The AstraZeneca/Oxford University COVID-19 vaccine has reported interim results from a Phase 3 trial showing the jab can prevent the majority of people from developing the disease.


But what do these findings mean for people in the UK being vaccinated?

What’s in the pipeline for the UK?

The government has secured 100 million doses of the AstraZeneca/Oxford University coronavirus vaccine, which is almost enough for most of the population, as each individual will require two doses.

But officials have also invested in the six other COVID-19 vaccine candidates in development, across four different types, representing more than 340 million doses.

The deals cover four different classes: adenoviral vaccines, mRNA vaccines, inactivated whole virus vaccines and protein adjuvant vaccines.

The UK has secured access to:

  • 60 million doses of the Novavax vaccine
  • 30 million doses from Janssen
  • 40 million doses of the Pfizer/BioNTech vaccine – the first agreement the firms signed with any government
  • 60 million doses of a vaccine being developed by Valneva
  • 60 million doses of protein adjuvant vaccine from GlaxoSmithKline (GSK) and Sanofi Pasteur
  • 5 million doses of the jab on offer from Moderna in the US

Read more about the Oxford vaccine:

How soon will vaccinations start?

The military and NHS staff are on standby to roll out a COVID-19 vaccine across the UK from the start of December, Health Secretary Matt Hancock has said.

However, a COVID-19 vaccine is yet to be approved by the Medicines and Healthcare products Regulatory Agency (MHRA).

But it is thought the AstraZeneca/Oxford vaccine could be rolled out within weeks if approved, and the company said it was preparing to submit the data to authorities immediately.

Downing Street has also said the UK will have procured 10 million doses of the Pfizer vaccine to be distributed by the end of this year.

Meanwhile, the Moderna vaccine could arrive in the UK as early as next spring.

If the vaccine development is successful, Valneva will provide 60 million doses in the second half of 2021.

The government then has options for more than 40 million doses in 2022, and a further 30-90 million doses, in aggregate, across 2023 to 2025.

In what order will we get the coronavirus vaccine?

The Joint Committee on Vaccination and Immunisation (JCVI) has examined data on who suffers the worst outcomes from coronavirus and who is at highest risk of death.

Its interim guidance says the order of priority should be:

  • Older adults in a care home and care home workers
  • All those aged 80 and over and health and social care workers, though they may move up the list
  • Anyone 75 and over
  • People aged 70 and over
  • All those aged 65 and over
  • High-risk adults under 65
  • Moderate-risk adults under 65
  • All those aged 60 and over
  • All those 55 and over
  • All those aged 50 and over
  • The rest of the population, with priority yet to be determined.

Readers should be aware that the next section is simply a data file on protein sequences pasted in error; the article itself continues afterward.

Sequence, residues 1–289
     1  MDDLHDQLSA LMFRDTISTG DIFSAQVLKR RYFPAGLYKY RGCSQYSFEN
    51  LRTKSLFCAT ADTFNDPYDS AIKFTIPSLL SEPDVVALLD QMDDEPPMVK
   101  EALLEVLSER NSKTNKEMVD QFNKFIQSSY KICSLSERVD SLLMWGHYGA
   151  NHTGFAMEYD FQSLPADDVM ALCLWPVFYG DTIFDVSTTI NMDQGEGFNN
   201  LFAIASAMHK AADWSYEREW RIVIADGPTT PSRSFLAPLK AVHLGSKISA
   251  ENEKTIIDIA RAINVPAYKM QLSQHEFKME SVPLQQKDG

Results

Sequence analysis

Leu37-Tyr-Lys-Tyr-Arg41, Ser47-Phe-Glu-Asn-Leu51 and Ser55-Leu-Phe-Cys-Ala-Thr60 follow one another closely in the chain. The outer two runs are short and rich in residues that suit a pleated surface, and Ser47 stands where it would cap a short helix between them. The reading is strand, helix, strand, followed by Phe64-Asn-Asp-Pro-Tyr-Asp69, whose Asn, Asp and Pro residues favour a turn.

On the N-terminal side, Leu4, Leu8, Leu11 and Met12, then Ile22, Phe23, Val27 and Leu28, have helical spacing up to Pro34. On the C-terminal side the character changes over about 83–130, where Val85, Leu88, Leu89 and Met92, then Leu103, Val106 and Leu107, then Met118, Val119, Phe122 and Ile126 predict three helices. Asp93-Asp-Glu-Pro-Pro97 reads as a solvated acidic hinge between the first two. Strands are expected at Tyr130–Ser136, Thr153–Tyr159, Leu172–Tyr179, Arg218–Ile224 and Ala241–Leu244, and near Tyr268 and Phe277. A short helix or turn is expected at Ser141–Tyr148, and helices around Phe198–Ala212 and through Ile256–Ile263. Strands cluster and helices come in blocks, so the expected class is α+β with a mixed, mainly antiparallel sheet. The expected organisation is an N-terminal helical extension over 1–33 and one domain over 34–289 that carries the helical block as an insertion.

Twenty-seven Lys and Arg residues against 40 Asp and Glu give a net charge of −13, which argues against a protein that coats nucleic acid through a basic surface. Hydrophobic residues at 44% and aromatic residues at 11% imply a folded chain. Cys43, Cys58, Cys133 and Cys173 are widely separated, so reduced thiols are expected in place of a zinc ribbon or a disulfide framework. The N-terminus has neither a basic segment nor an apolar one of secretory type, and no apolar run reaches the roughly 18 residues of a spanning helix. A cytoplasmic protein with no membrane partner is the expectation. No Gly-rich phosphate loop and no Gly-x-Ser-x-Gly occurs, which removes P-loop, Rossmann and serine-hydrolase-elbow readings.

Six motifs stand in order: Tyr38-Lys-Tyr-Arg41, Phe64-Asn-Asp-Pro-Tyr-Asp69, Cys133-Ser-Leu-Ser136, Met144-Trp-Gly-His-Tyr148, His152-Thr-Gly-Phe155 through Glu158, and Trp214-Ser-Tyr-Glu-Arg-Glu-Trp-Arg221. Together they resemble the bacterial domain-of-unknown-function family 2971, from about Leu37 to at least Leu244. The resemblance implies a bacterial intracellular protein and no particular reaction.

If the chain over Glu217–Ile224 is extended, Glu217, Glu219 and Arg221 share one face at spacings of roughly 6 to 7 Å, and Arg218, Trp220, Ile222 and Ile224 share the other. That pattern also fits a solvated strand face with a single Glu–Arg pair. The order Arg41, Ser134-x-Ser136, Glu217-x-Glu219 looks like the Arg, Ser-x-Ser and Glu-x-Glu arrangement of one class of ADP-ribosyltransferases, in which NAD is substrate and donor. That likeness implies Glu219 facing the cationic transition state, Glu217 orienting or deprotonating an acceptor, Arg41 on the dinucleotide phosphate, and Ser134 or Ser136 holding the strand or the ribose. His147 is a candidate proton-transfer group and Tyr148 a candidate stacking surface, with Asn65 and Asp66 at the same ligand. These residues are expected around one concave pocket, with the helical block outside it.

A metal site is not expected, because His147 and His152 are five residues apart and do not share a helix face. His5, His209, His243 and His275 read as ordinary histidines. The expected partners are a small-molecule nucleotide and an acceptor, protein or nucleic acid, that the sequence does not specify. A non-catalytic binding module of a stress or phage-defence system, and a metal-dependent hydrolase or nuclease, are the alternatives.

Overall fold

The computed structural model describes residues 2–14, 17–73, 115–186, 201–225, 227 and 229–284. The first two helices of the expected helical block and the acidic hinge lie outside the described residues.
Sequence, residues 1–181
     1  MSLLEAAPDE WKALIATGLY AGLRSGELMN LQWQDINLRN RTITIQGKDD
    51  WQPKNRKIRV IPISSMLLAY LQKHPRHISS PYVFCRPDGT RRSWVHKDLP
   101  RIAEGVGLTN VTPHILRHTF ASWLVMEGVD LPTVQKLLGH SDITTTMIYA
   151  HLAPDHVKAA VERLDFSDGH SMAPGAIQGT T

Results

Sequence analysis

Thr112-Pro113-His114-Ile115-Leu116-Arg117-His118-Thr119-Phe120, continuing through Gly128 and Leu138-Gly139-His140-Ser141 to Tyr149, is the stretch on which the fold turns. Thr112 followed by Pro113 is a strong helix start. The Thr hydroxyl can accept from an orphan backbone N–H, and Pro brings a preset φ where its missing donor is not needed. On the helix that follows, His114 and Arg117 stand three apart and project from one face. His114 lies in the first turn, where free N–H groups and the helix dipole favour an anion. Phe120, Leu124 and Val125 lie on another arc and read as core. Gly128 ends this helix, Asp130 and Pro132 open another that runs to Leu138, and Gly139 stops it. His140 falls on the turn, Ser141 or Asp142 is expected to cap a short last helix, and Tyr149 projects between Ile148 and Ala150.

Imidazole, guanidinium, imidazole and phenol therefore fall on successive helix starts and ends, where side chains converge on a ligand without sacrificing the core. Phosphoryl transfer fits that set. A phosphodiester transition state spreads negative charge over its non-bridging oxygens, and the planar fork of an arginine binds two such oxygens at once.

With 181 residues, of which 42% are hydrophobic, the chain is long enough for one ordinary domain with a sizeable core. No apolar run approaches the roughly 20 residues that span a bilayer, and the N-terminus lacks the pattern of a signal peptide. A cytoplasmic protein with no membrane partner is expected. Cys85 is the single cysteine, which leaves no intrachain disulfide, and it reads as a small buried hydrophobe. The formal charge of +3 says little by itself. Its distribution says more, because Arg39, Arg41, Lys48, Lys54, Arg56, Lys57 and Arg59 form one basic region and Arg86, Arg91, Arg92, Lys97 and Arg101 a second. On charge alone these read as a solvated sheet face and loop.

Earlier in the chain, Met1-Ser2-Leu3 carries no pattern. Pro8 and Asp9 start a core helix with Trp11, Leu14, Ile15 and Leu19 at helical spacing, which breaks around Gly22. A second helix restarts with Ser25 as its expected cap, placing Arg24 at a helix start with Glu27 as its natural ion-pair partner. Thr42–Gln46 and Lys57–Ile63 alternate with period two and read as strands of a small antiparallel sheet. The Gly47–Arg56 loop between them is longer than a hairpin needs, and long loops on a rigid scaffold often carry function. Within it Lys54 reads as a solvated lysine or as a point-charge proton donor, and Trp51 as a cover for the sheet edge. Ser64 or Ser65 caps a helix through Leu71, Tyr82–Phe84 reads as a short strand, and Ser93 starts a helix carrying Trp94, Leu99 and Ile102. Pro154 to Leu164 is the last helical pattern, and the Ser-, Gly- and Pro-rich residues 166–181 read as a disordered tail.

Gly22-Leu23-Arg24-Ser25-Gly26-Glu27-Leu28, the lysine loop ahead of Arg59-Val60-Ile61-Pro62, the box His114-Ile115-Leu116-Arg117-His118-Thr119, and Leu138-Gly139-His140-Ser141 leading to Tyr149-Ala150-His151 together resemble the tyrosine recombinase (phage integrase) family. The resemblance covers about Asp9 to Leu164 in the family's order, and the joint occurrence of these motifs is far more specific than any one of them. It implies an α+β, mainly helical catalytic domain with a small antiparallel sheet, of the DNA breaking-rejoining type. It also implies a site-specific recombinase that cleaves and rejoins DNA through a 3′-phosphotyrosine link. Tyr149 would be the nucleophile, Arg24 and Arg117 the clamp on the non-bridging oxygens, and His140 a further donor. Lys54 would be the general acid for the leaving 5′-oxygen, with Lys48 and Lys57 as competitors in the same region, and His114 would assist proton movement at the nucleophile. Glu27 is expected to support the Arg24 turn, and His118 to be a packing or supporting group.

Read more about COVID-19 vaccines:

How will a vaccine be rolled out?

Work has been going on behind the scenes to ensure that NHS staff are ready to start delivering jabs to the most vulnerable, as well as health and care workers, as a priority.

Mass vaccination clinics have been proposed, with a number of venues suggested, including sports halls, leisure centres and even the Copper Box stadium in London’s Olympic Park.

The NHS Nightingale Hospitals have also been earmarked as sites for mass vaccination clinics – among other uses.

In addition, NHS leaders have said there will be “roving teams” deployed to vaccinate care home residents and workers.

Based on the current information, the vaccines being developed require two doses per patient, with a 21-28 day gap between doses.


New regulations allowing more healthcare workers to administer flu and potential COVID-19 vaccines have also been introduced by the government.

How do scientists develop vaccines for new viruses?

Vaccines work by fooling our bodies into thinking that we’ve been infected by a virus. Our body mounts an immune response, and builds a memory of that virus which will enable us to fight it in the future.

Viruses and the immune system interact in complex ways, so there are many different approaches to developing an effective vaccine. The two most common types are inactivated vaccines (which use harmless viruses that have been ‘killed’, but which still activate the immune system), and attenuated vaccines (which use live viruses that have been modified so that they trigger an immune response without causing us harm).

A more recent development is recombinant vaccines, which involve genetically engineering a less harmful virus so that it includes a small part of the target virus. Our body launches an immune response to the carrier virus, but also to the target virus.

Over the past few years, this approach has been used to develop a vaccine (called rVSV-ZEBOV) against the Ebola virus. It consists of a vesicular stomatitis animal virus (which causes flu-like symptoms in humans), engineered to have an outer protein of the Zaire strain of Ebola.

Vaccines go through a huge amount of testing to check that they are safe and effective, whether there are any side effects, and what dosage levels are suitable. It usually takes years before a vaccine is commercially available.

Sometimes this is too long, and the new Ebola vaccine is being administered under ‘compassionate use’ terms: it has yet to complete all its formal testing and paperwork, but has been shown to be safe and effective. Something similar may be possible if one of the many groups around the world working on a vaccine for the new strain of coronavirus (SARS-CoV-2) is successful.

Read more:


Sara RigbyOnline staff writer, BBC Science Focus

Sara is the online staff writer at BBC Science Focus. She has an MPhys in mathematical physics and loves all things space, dinosaurs and dogs.